Bring curiosity, leave your expectations behind, Shivkar gently advised our group as we headed Wildlife Sanctuary, northern Karnataka, diverse, scenic and spreading forest cover. It was a practical approach to adopt for birding enthusiasts, for then every sighting would be like a gift. But once at the Timber Depot, located across the office of the Conservator of Forests, we were eager to spot and identify birds, and jot down sightings in the little notepads we carried.
AN EXERCISE IN PATIENCE: We knew the unwritten rules of bird watching and the ways of the forest. Silently walking through the growth of tall trees and passing a clump of bamboo, piles of cut lots and an old banyan tree bestowing long aerial roots on the Earth, we kept our eyes and ears open for the slightest movement in the foliage and bird calls. But in the mid-morning heat, the birds seemed to have vanished as if satiated with their morning forays for food. Only the Coppersmith Barbet called —a monotonous call filling the warm air, while it remained concealed in some leafy branch. One could only imagine the little green bird, its head bobbing, throat inflating and deflating with each call as its beak remained shut tight all the while!
Adesh Shivkar and Mandar Khadilkar, the two sharp-eyed naturalists leading the group, patiently kept scanning the foliage and canopy for the slightest movement that would give us a chance to spot a bird or two. With the many happy hours that they had spent in the ﬁeld across the country, they knew it was just a matter of time before we would spot a few winged ones. At the Timber Depot they recalled having seen several Malabar Pied Hornbills—the large and striking members of the hornbill family—enjoying a mud bath at dusk and gliding across to settle on a ﬁg tree. Their anecdotes only had us thirsting for sightings.
We waited patiently, soaked in their stories and experiences, and silently hoped we would be blessed with a spot of luck. It was end of November but the air was warm and dry and the forest was silent. Taking a pause, they suggested we wait for birds at a spot rather than go out to seek them. Scanning the vegetation in all directions only made one realise the vastness of Dandeli’s legendary forest as there were hundreds of trees in every direction.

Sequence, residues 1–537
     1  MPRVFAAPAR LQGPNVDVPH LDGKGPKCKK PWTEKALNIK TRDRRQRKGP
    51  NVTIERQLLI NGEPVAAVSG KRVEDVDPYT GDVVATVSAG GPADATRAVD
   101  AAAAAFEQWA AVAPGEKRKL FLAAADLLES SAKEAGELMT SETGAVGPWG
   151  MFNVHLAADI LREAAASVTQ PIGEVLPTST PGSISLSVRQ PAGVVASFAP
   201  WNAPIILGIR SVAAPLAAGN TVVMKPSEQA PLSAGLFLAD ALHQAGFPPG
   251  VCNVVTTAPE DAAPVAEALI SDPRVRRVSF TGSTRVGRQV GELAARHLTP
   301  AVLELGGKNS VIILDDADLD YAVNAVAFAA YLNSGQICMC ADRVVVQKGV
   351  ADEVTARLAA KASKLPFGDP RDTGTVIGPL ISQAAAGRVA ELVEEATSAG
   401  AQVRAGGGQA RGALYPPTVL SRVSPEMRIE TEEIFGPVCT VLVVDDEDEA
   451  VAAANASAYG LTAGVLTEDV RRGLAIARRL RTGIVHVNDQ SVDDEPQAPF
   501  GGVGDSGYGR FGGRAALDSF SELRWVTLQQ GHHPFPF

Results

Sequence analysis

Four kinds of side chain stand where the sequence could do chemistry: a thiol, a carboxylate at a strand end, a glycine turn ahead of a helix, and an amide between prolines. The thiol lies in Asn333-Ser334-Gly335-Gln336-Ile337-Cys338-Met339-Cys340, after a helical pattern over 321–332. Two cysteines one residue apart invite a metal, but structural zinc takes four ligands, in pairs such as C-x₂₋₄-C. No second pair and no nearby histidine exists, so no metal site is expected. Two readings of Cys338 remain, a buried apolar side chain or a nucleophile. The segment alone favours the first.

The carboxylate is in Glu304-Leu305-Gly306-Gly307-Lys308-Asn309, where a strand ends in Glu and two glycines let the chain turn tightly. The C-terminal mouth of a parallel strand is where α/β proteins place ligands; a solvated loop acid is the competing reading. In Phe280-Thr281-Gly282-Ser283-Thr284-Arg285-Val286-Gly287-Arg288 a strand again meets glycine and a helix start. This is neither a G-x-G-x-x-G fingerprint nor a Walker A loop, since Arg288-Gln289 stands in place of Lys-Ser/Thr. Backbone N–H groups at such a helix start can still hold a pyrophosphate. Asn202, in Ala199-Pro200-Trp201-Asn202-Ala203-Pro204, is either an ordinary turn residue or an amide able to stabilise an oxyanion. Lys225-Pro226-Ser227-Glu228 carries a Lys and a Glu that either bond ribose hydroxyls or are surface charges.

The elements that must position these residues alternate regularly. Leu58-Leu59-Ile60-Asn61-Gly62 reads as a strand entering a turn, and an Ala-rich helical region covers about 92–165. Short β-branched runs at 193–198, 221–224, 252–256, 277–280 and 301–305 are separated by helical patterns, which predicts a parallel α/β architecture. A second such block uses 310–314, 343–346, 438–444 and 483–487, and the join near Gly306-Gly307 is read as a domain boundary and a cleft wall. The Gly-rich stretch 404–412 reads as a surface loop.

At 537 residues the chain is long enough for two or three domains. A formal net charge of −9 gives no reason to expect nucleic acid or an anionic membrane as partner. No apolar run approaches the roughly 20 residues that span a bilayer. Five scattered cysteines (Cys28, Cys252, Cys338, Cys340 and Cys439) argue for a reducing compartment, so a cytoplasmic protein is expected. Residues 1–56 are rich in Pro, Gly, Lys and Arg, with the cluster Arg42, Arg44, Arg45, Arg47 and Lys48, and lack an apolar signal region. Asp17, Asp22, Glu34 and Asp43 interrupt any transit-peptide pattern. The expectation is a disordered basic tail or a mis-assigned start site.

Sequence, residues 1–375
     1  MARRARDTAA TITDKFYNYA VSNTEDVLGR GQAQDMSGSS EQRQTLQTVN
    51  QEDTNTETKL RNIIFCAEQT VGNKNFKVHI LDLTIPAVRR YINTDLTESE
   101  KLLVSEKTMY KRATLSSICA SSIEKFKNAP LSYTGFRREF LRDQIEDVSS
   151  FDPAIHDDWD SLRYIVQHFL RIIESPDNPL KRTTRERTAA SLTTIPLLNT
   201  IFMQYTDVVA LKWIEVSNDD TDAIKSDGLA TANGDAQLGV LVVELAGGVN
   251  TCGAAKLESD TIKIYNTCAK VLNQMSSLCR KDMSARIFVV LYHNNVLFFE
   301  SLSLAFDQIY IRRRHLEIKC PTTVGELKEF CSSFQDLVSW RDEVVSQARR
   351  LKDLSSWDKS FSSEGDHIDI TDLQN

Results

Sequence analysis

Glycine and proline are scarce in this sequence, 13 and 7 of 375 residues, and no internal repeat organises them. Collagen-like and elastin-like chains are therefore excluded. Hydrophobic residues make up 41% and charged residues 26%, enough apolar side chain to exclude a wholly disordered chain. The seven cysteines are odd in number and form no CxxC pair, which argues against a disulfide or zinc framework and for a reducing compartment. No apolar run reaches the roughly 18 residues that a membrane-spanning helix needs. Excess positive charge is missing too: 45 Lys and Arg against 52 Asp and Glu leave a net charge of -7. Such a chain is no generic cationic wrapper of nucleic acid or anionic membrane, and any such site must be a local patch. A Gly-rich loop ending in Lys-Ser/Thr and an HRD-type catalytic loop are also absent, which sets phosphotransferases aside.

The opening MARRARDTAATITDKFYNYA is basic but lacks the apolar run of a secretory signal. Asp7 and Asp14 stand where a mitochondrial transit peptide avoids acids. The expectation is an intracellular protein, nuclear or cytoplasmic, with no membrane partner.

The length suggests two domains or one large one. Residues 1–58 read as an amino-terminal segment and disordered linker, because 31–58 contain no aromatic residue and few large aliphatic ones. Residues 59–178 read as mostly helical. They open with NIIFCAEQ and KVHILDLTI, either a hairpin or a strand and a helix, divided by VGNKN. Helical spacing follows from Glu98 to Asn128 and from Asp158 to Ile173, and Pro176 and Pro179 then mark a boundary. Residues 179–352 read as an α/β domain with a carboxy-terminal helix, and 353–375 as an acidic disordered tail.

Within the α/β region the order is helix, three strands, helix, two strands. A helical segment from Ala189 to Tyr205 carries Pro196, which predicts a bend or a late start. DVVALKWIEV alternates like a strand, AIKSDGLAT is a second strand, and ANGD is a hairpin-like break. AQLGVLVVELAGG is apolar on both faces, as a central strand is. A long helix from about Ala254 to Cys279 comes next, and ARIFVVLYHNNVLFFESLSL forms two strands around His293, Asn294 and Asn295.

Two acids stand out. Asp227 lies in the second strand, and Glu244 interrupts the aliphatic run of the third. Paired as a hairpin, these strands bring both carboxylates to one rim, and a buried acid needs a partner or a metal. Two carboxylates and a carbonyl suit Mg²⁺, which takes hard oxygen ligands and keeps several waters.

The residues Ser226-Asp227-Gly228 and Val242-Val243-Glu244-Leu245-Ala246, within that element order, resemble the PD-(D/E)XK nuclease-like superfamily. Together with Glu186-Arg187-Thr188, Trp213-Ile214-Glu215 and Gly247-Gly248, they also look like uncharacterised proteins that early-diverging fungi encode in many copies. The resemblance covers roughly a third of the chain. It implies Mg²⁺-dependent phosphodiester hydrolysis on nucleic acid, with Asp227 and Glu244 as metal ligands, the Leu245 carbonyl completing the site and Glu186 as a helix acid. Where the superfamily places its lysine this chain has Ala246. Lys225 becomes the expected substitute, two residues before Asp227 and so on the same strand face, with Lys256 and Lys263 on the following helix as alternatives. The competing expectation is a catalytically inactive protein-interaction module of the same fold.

A BURST OF JOY: At long last Adesh exclaimed in an excited whisper—a mixed hunting party! And true to his word, all of a sudden there was a buzz in the air. All heads turned to the towering Terminalia bellerica tree and eyes scanned its trunk, branches, leaves and ﬂowers. There they were—a loose gathering of insectivorous bird who had come together to hunt insects in an animated wave ﬁlled with twitters, flutter of wings and movement in the trunk, branches, leaves, ﬁowers and on the ground. All of a sudden the silent tree was a hotspot alive with calls and activity.
Deftly setting up and focusing the spotting scope, Mandar beckoned us to quickly take turns to peer through the lens. And what a treat was in store! The ﬁrst to come into view was a Greater Flameback Woodpecker with a gorgeous yellow—golden back; it was going up the trunk with its tail for support, tapping at the bark, disturbing insects. And while the woodpecker was making its way up, an utterly charming Velvet—fronted Nuthatch, with a violet-blue colouring, was coming down the trunk. While climbing up a trunk is no small feat, the nuthatch was deftly making its way down without losing its grip and in fact, circling the trunk now and then while descending and looking for insects as well.